The German government said it would consider introducing blue badges for cleaner diesel cars, after a court ruling on Tuesday opened the way for cities to ban older diesel vehicles sent the issue to the top of the country’s political agenda.
Steffen Seibert, spokesman for chancellor Angela Merkel, said the next government would take up the question of the badges, which would exempt cleaner cars from local driving bans, “as soon as possible”.
He was responding to the ruling of the federal administrative court, which allowed German towns to bar the most polluting diesel cars from their roads — a move that puts the fate of millions of older vehicles in question.
The judges upheld earlier rulings from courts in Stuttgart and Düsseldorf, saying driving bans were permissible in both cities if they were the only way to ensure swift compliance with EU air quality rules.
Around 70 cities in Germany have worse air quality than the law allows — a daily limit of 40 microgrammes of nitrogen oxide per cubic metre — including Berlin, Munich and Frankfurt.
These cities must now ensure they have viable plans to improve air quality or face legal action from environmental groups emboldened by the federal court’s verdict.
Authorities in Berlin see the blue badges idea as one way to ensure the country does not end up with a patchwork of different and often conflicting regulations. The idea is strongly supported by the German environment ministry but opposed by the transport ministry, which continues to insist it “goes in the wrong direction”.
The blue badge concept is also backed by the Deutsche Städtetag, which represents the interests of German cities. “We need a label and we need a co-ordinated approach,” it said in a statement, warning of a situation where different cities enforced different bans in particularly polluted areas.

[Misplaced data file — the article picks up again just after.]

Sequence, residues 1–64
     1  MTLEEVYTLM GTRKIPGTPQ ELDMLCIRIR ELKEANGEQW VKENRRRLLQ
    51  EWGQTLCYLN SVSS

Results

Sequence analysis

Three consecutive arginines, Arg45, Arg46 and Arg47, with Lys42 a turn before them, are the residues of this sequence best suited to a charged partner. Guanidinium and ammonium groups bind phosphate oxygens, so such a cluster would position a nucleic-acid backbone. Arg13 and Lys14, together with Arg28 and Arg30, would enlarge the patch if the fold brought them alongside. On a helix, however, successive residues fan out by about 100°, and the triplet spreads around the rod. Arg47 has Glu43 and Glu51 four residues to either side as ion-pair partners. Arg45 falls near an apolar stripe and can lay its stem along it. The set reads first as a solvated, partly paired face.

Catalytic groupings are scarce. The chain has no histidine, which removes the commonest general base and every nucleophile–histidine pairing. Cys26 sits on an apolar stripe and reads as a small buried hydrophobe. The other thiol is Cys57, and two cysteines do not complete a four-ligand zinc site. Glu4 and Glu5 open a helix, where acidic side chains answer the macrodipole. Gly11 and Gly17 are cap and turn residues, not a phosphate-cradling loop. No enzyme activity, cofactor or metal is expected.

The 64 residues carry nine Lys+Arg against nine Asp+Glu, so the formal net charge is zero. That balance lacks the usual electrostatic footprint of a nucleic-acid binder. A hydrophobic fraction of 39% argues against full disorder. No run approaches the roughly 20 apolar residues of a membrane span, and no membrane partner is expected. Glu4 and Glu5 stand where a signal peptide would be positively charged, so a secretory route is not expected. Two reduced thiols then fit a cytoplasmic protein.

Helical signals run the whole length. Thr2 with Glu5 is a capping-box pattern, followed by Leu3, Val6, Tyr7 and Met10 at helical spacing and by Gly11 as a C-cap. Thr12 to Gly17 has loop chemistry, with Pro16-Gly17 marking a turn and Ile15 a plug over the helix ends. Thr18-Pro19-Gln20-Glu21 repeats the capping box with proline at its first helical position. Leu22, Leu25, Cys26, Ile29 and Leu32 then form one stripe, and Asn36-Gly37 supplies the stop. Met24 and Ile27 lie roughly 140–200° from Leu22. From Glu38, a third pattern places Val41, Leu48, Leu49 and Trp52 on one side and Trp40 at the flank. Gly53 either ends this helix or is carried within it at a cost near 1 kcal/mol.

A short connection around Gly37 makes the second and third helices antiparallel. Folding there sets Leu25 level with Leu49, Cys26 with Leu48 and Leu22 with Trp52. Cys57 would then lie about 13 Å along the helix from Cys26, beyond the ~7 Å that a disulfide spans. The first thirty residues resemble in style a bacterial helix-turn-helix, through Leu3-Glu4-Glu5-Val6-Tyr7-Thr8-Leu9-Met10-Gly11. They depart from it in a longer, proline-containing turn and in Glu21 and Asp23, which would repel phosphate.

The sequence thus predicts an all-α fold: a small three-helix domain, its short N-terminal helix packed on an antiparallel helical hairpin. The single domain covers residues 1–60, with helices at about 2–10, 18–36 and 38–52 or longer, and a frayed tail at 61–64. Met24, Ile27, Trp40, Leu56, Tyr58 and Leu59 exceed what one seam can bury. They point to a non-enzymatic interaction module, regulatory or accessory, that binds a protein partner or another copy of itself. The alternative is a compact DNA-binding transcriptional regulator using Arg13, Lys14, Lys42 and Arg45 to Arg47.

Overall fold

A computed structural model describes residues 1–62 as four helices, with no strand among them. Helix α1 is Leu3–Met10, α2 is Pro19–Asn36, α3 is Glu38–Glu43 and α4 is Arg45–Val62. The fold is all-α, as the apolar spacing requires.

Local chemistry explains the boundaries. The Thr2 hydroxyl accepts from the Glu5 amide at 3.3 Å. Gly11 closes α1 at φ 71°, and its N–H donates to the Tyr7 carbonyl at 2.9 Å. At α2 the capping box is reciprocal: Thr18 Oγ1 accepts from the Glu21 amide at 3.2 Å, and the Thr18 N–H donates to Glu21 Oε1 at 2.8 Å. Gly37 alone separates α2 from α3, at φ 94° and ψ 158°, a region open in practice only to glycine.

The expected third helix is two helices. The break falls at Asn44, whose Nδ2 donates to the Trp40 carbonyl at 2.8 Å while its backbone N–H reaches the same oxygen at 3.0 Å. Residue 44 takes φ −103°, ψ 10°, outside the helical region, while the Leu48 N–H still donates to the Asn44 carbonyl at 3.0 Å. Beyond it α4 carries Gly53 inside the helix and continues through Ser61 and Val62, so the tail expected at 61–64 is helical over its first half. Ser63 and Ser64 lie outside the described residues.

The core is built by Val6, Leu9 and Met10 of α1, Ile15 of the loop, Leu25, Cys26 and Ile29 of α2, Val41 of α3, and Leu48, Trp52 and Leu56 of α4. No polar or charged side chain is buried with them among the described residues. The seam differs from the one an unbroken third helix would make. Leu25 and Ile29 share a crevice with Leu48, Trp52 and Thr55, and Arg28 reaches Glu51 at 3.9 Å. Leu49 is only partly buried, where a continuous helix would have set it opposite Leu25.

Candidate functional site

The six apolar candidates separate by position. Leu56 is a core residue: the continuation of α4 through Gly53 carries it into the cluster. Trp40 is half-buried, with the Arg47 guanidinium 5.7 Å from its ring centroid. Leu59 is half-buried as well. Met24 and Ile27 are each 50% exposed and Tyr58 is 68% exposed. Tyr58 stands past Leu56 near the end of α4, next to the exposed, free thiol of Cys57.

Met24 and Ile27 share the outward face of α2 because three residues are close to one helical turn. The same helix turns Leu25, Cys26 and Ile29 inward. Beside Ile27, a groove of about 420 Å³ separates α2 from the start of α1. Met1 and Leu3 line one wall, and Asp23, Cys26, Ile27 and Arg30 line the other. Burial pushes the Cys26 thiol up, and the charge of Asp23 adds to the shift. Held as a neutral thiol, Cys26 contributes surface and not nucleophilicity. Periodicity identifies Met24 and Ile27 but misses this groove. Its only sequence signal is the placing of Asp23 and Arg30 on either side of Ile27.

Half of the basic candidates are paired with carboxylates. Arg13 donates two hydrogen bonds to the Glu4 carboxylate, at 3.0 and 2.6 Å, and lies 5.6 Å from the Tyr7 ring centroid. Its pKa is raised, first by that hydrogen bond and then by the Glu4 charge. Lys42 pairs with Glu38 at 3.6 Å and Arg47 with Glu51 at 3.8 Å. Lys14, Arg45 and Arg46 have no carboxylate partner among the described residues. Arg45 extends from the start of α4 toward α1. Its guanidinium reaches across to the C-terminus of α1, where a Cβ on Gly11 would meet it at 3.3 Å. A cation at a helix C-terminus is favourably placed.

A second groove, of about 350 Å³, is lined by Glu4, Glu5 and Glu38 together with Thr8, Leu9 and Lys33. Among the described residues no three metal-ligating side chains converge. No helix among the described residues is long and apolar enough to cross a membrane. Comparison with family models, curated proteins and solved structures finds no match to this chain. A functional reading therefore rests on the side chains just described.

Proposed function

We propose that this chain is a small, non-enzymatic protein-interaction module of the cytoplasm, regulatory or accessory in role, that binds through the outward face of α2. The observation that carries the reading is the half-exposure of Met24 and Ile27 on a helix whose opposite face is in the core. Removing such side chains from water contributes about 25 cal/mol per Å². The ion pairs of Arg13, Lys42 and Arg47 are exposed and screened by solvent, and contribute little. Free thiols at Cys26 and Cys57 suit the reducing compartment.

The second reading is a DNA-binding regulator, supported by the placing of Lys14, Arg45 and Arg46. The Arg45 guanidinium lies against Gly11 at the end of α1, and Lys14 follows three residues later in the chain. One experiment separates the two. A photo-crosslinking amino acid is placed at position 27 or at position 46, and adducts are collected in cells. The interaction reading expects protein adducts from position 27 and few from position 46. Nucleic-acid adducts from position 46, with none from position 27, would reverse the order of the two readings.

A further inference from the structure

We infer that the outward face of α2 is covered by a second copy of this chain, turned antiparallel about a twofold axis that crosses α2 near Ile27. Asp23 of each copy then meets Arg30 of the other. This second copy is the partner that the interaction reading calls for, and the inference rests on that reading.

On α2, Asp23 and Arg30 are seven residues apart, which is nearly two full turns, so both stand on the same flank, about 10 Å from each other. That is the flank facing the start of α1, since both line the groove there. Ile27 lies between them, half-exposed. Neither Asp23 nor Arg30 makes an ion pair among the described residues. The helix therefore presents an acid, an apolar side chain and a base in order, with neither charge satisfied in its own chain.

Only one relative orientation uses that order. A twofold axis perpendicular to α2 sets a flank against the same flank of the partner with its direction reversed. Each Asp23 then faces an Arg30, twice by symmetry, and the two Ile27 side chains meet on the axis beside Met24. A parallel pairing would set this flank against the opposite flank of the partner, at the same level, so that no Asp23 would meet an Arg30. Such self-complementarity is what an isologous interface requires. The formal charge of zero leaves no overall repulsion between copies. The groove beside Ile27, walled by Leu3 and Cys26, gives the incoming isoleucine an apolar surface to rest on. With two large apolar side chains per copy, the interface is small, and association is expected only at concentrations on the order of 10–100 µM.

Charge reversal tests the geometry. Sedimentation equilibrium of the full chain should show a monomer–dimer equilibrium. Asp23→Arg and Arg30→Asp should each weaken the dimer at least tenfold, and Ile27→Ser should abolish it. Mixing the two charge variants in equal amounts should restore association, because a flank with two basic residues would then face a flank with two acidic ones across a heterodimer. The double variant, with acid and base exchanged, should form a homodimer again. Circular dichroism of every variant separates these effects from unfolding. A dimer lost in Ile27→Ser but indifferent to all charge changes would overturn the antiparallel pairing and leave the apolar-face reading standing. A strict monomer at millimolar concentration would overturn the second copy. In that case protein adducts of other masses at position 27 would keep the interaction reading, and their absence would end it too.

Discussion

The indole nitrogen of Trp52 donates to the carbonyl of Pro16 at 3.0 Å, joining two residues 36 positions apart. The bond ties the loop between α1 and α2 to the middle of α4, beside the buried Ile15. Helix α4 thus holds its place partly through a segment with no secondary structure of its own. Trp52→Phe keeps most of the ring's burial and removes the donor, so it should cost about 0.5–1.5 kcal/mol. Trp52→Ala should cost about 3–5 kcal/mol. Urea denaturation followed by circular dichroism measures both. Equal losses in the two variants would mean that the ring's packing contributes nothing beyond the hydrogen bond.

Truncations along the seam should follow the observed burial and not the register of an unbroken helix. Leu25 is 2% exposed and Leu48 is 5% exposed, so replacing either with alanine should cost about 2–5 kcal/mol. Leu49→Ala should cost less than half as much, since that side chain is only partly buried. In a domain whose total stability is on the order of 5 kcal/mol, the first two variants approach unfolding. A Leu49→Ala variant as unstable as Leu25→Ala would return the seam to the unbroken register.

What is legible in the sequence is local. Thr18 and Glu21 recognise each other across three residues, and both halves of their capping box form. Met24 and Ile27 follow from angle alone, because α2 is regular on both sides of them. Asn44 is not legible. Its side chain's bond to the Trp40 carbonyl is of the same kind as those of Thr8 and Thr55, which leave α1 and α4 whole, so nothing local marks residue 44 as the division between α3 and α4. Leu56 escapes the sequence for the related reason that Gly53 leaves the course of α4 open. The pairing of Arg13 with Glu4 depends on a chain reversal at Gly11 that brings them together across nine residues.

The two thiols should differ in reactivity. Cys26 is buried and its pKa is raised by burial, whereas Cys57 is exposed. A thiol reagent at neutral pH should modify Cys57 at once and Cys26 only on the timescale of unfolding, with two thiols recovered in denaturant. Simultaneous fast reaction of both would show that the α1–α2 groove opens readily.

Blue badges “would also make it easier for cities to grant exemptions, for example for delivery vehicles and for craftsmen,” said Markus Lewe, the mayor of Münster and president of the Städtetag.
The scheme is also backed by the Verbraucherzentrale Bundesverband, a consumer rights’ group, which told Handelsblatt that a “patchwork of signs and bans would completely confuse drivers”.
NGOs, which have been bringing legal action against German cities over air pollution, also want to see a blue plaque introduced.
“We believe that now the federal government should live up to its duty, and rather than fighting against diesel bans, they should be deciding against pollution and ensuring there is a consistent framework in Germany,” said Ugo Taddei, a lawyer for ClientEarth.
Meanwhile, Hamburg became the first city in Germany to say it was imposing diesel bans as a response to Tuesday’s ruling.
Other cities, however, reacted angrily to the verdict, with the mayor of Düsseldorf warning that it had presented local governments with a “practically insoluble task” which could only be dealt with “at enormous expense”.
“In principle, every vehicle would have to have their papers checked to see if they are affected by the driving ban or not,” said Thomas Geisel.
Michael Münter, head of strategic planning and sustainable mobility for Stuttgart, said bans would create huge problems for cities, potentially diverting tourists who are travelling by car.
But he said that Stuttgart, which last year recorded nitrogen oxide emissions of 73mg per cubic metre, will probably implement a ban on older, Euro 4 diesel vehicles within a year.
Cities that have not faced legal action yet are likely to consider alternative measures, with bans seen as a last resort. The federal court said that if cities can show their air quality levels improve this year and next, then bans could be postponed.
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